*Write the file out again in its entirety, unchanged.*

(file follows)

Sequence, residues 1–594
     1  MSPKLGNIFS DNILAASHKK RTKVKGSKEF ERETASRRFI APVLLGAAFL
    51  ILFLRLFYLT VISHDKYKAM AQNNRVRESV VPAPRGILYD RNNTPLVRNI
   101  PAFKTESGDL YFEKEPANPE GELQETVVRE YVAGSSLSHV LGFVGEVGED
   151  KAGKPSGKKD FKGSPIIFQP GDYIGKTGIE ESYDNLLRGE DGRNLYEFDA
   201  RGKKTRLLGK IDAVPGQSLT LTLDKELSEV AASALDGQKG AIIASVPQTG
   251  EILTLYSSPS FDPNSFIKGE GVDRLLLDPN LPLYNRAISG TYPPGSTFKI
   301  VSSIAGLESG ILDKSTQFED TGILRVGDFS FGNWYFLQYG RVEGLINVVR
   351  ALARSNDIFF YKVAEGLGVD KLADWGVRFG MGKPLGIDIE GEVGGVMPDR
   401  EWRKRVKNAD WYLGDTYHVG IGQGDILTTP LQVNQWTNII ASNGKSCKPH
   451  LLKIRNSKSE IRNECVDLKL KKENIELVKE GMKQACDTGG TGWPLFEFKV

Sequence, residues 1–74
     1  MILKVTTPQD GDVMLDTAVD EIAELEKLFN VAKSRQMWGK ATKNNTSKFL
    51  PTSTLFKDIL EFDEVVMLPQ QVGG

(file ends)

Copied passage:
Sequence, residues 1–594
     1  MSPKLGNIFS DNILAASHKK RTKVKGSKEF ERETASRRFI APVLLGAAFL
    51  ILFLRLFYLT VISHDKYKAM AQNNRVRESV VPAPRGILYD RNNTPLVRNI
   101  PAFKTESGDL YFEKEPANPE GELQETVVRE YVAGSSLSHV LGFVGEVGED
   151  KAGKPSGKKD FKGSPIIFQP GDYIGKTGIE ESYDNLLRGE DGRNLYEFDA
   201  RGKKTRLLGK IDAVPGQSLT LTLDKELSEV AASALDGQKG AIIASVPQTG
   251  EILTLYSSPS FDPNSFIKGE GVDRLLLDPN LPLYNRAISG TYPPGSTFKI
   301  VSSIAGLESG ILDKSTQFED TGILRVGDFS FGNWYFLQYG RVEGLINVVR
   351  ALARSNDIFF YKVAEGLGVD KLADWGVRFG MGKPLGIDIE GEVGGVMPDR
   401  EWRKRVKNAD WYLGDTYHVG IGQGDILTTP LQVNQWTNII ASNGKSCKPH
   451  LLKIRNSKSE IRNECVDLKL KKENIELVKE GMKQACDTGG TGWPLFEFKV

Sequence, residues 1–74
     1  MILKVTTPQD GDVMLDTAVD EIAELEKLFN VAKSRQMWGK ATKNNTSKFL
    51  PTSTLFKDIL EFDEVVMLPQ QVGG